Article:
PART ONE – ARCHAEOLOGICAL DISCOVERY IN ORGANIC TERRAIN
Archaeological Potential of Organic Terrain
The short answer to the question ‘Is there any association at all, in Canada, between people and peat bogs, similar to what is portrayed in The Mysterious Bog People exhibit?’ is no: there is not a Canadian parallel to the cult of human burial and sacrifice that persisted in northwestern Europe for ten millennia. However, artifacts (and even human remains) have been found in peat deposits in Canada and there is potential for future discoveries in peat and even more for finds under peat, particularly in Newfoundland and Labrador, and ‘North of 60’. Archaeologists in Canada have rarely tested organic terrain, particularly if they are water-saturated and below the water table. Apart from the logistical problems of sampling organic terrain, such areas have often been overlooked because according to predictive models they have been classed as ‘low potential’ zones. Another reason is that, because wetlands are now widely recognized as essential to the hydrological cycle, they are protected from many development impacts and so are commonly exempt from archaeological compliance assessments because they will remain undisturbed. Artifacts have occasionally been discovered accidentally as a result of commercial peat extraction activities in Canada but, unlike northwestern Europe, the reported incidence is very low, perhaps because traditional Canadian commercial operations have been low scale, and modern ones are mechanized so that accidental discoveries are less likely to be noticed.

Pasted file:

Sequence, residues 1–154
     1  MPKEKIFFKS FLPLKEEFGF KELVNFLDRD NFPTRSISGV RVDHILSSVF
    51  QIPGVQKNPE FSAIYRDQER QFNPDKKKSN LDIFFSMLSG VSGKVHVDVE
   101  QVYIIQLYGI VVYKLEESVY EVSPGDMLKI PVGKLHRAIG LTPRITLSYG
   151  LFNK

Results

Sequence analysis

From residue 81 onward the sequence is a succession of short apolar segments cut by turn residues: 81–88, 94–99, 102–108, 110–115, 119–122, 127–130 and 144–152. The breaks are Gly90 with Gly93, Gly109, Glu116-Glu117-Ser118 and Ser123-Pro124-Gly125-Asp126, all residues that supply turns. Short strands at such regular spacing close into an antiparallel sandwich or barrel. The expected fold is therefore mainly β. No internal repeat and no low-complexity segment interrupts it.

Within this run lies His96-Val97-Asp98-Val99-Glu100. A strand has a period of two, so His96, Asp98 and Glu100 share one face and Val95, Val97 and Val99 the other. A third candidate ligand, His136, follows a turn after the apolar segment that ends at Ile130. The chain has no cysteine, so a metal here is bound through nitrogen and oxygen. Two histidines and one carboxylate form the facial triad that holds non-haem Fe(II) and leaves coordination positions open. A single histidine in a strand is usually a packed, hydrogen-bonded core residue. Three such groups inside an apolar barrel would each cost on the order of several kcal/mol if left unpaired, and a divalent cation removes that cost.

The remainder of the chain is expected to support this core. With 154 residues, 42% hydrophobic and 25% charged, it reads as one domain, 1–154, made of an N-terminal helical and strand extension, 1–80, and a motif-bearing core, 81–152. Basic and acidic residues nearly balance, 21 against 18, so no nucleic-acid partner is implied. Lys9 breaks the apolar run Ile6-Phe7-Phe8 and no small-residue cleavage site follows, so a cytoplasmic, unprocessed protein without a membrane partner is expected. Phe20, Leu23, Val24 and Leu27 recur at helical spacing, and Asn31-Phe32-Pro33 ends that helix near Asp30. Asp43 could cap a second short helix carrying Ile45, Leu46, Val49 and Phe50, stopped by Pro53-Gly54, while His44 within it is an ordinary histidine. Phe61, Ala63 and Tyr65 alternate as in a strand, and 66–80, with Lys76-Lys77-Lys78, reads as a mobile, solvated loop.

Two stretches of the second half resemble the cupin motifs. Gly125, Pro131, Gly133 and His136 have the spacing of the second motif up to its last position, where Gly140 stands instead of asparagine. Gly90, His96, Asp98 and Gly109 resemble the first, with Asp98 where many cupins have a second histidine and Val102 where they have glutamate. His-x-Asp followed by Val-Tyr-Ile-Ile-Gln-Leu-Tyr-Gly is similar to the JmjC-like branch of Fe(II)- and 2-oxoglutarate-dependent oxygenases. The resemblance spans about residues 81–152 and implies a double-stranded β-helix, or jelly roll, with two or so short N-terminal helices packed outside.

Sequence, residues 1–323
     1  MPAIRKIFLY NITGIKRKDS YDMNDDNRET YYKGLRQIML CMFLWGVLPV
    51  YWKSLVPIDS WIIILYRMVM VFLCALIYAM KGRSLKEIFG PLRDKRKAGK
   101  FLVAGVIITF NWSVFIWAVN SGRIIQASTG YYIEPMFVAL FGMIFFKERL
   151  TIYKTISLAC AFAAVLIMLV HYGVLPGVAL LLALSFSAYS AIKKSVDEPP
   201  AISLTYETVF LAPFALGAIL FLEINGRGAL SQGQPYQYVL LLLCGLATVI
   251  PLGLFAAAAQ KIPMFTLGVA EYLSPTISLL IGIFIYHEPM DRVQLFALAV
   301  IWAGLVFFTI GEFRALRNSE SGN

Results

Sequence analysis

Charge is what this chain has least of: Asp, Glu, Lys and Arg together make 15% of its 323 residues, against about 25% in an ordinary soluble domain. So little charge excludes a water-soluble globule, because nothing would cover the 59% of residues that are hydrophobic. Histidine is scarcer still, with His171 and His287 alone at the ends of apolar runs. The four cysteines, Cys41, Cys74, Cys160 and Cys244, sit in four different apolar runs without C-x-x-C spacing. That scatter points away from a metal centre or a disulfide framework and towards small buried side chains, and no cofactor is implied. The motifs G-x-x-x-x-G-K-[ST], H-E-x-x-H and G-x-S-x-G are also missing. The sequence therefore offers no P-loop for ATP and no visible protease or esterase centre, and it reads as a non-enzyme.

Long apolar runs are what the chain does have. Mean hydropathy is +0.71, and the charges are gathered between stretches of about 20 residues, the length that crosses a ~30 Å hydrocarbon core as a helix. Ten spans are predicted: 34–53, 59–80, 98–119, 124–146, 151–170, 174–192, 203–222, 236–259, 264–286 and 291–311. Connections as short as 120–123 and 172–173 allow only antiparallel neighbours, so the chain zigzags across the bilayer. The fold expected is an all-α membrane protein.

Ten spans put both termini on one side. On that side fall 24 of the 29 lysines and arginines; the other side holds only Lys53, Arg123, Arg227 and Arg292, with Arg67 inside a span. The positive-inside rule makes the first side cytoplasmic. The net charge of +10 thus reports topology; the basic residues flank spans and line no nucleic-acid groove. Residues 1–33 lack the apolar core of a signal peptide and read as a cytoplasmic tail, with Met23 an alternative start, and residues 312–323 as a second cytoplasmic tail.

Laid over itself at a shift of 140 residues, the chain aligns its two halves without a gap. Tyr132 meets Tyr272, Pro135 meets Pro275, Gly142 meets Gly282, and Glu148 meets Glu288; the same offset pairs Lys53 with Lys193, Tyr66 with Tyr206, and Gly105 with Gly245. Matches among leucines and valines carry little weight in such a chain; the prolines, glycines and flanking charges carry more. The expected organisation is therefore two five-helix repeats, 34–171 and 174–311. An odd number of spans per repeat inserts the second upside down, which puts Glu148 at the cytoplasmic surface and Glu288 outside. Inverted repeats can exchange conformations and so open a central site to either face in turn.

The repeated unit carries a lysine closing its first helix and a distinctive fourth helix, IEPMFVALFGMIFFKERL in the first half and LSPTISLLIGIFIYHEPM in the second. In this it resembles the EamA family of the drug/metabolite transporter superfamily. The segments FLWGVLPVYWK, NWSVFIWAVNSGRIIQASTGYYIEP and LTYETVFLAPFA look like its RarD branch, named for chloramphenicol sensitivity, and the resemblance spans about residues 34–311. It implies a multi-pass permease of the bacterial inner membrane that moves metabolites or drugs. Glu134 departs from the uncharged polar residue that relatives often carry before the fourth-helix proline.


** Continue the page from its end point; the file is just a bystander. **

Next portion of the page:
As Inglis (1976) points out, the overall cost of major ‘wet site’ excavation is expensive, because of excavation difficulties and time-consuming conservation process. Where possible we should prepare pre-excavation and discovery techniques by means of core samples or non-invasive assessment with ground penetrating radar (GPR), sonar, and even magnetic resonance imaging (MRI) methods.